Thanks :) I used steel like in the instructible. And after polishing I used now nitrocellulose lacquer to keep it from rusting. i did never electroplate before but I considered to give it to a jewelry store to let them silver plate it... And I just let the embossement like it was, so its now black and the rest is polished (but isnt that shiny because of the lacquer)
photo, of course.
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looks great..Did you use the polishing compound yet?since its that stuff that will make it shiny(buff it with a small buffing wheel for better result). Electroplating is pretty simple actually. Google it then try on scrap metal.
Basically it follows the COMA rule:

C = Cathode(-ve terminal)
O = Object to be plate
M = Metal to be used for plating
A = Anode (+ve terminal)

So you connect the Object to be plated to the Cathode and the Metal for plating to the Anode. The you immerse the whole thing in a salt solution and turn on your supply(I use 12V at 1.2A)
It's really that easy?

I was considering using a power supply from an old computer as the source of my voltage since it will supply the 12v (if I'm remembering right). ((My friend and I used the supply when we were making a wet-cell, worked great.))

Anyways,... will this work with any metal + metal combo? Like, can I plate one of my polished heart pendants I made from Mrballeng's ible, with say... copper from a copper pipe?
Yes, It's easy and yes, you can use a computer PSU but am not sure of the current it'll supply. The current should high enough. Anything between 2-5 amps at 12 V should work great. You could use higher voltages up to 15V but just be careful of short circuits (computer PSU have short circuit protection and will cut off)

Yes, copper works great. I usually use the copper from electrical wires. Take a long piece and bend it in a 'snake' shape to increase surface area(makes the process more effective and faster). The only issue with copper is that it will oxidize with time and become mat (from bright 'gold-like' finish to a dull brownish yellow color)

For the salt solution, just mix kitchen salt in warm water(to make it dissolve better) and you are good to go.

Attach your pendant to the (-ve) wire, the copper metal to the (+ve wire) and immerse it in the salt solution, make sure there aren't touching and make sure the pendant is fully immersed. Switch on the power supply and you'll see bubbles.(proof that its working) If your supply is 12V 2A, leave it on for about an hour or until you are happy with the final result. The longer the better since a thicker layer of copper will be deposited. You might want to leave it longer if u plan to polish with sand paper. I'd recommend 2000 grit. Else, just buff the pendant with polishing compound and you are good to go.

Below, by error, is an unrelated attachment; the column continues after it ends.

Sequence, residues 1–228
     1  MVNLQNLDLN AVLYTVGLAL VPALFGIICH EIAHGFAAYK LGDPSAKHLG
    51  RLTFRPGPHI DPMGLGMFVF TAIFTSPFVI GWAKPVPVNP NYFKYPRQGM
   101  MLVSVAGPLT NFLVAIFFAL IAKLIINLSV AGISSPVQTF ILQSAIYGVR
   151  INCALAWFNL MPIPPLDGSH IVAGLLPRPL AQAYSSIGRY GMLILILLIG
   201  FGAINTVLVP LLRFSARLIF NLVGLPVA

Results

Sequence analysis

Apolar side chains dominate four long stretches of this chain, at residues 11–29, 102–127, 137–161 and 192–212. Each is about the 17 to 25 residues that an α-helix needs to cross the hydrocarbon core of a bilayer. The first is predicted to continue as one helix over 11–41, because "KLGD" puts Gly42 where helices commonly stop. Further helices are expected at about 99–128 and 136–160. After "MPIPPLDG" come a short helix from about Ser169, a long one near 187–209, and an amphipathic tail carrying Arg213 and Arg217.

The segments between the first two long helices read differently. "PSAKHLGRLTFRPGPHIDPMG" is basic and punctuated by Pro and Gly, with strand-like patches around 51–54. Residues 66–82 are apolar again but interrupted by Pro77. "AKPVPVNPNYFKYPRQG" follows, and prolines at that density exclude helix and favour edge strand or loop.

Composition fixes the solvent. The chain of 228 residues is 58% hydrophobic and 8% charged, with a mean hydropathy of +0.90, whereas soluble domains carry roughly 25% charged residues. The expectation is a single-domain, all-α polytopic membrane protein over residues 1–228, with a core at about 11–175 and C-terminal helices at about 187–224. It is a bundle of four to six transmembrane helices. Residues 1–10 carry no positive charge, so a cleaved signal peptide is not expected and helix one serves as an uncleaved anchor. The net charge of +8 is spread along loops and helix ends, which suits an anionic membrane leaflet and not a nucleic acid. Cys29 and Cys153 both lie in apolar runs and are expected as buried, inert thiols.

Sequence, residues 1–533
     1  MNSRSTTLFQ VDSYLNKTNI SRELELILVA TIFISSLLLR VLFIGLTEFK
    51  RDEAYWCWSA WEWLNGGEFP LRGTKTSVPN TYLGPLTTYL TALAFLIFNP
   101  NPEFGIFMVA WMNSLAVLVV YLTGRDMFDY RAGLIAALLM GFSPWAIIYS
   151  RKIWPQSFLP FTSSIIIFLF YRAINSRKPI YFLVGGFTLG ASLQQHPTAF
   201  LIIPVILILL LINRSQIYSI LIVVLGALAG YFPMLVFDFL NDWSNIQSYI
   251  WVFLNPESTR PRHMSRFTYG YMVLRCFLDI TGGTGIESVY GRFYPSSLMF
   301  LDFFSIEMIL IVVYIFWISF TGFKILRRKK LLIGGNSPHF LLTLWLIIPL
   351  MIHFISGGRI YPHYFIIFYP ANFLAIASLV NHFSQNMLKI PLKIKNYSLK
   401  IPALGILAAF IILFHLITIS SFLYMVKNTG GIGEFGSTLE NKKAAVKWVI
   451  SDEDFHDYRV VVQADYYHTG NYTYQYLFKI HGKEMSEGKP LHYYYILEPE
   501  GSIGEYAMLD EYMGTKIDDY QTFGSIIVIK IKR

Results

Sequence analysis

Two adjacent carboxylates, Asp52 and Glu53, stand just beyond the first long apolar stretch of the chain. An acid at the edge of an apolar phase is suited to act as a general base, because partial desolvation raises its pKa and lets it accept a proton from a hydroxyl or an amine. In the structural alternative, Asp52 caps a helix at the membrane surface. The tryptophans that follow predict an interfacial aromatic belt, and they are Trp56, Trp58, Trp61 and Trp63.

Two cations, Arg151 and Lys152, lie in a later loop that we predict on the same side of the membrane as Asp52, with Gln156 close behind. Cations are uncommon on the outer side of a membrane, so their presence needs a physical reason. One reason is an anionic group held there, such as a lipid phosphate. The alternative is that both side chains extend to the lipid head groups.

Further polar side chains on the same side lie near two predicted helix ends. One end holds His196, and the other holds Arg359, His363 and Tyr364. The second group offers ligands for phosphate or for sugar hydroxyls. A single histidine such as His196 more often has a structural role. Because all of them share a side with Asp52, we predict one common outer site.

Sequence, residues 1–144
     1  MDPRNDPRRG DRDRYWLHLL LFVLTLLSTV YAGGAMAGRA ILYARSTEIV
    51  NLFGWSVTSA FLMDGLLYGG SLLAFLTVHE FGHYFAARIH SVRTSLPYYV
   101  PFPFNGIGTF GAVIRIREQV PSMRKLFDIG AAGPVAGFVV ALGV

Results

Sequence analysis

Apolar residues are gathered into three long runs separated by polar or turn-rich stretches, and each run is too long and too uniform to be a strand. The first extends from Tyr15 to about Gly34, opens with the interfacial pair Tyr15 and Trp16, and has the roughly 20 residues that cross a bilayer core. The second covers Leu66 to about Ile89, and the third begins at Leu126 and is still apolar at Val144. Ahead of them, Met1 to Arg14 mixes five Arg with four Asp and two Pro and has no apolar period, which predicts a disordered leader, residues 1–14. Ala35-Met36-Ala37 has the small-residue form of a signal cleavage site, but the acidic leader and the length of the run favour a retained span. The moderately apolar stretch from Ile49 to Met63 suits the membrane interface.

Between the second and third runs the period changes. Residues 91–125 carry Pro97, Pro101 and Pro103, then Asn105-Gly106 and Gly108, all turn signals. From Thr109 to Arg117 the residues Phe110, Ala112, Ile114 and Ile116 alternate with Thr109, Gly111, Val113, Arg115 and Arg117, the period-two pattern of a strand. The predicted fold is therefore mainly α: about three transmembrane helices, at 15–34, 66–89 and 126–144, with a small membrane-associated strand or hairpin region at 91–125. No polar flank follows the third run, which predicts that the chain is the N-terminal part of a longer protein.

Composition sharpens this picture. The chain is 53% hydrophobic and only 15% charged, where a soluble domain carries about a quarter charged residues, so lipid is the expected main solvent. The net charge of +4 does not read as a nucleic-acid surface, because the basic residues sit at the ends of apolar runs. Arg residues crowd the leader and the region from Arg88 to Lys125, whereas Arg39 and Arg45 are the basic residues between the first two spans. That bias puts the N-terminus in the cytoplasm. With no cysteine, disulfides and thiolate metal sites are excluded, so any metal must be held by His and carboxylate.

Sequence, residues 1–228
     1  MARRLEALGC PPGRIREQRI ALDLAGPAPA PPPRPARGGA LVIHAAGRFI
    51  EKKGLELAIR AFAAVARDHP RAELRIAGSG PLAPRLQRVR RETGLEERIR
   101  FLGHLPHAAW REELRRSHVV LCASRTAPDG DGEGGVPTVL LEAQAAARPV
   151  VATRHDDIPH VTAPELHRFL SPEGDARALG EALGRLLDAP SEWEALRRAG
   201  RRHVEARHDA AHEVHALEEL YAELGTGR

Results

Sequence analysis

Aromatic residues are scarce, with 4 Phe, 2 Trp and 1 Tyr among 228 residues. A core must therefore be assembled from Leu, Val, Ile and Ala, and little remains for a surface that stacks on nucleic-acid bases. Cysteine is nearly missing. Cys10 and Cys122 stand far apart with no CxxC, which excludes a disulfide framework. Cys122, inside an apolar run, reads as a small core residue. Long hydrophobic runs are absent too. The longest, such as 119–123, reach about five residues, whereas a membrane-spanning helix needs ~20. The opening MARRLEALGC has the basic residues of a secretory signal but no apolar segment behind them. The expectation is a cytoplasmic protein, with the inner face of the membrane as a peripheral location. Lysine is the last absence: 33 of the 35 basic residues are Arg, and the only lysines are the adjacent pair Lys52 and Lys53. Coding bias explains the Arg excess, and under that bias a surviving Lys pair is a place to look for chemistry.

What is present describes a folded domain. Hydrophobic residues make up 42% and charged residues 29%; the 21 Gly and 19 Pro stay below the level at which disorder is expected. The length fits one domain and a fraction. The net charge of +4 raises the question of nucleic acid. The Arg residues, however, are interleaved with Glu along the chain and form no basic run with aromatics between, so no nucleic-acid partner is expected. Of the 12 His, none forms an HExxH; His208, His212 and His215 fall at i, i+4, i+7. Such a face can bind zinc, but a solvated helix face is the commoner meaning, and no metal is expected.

The solution after a while will turn in something sluggish of greenish brown color or something like that.

Perform the electroplating in a well ventilated location.(gas evolved in the process, hydrogen i believe).

I know, long reply but hope it helps.
That's actually very helpful.

Do all metals work this way? Like... is there a chart somewhere with a list of what metals will work like this?

I have, for example, an old silver ring, could I use this method to use the silver from the ring to plate, say... a brass section of pipe?

I dont know what that sort of chart would be called, but I'm sure it would be helpful if it existed...
To my knowledge there's no such chart. But basically, it should work with any metal provided you have a high enough current. Just follow the COMA rule. After silver plating the brass pipe, you might need to polish and buff it for shiny finish.

However, be very careful when polishing using sand paper even if its fine grit because if you there's too little deposition on the object, using sand paper will remove it. If you plan to use sand paper, let the electroplating process run for a longer period of time.

What I also like to do is, rub the 2000 grit paper on a hard and smooth surface(like a piece of scrap metal) just to remove the grainy surface so as to make it smoother(its like increasing the grit number). In this way, there won't be any light scratches. (note, only required if you are using a fresh piece of sand paper)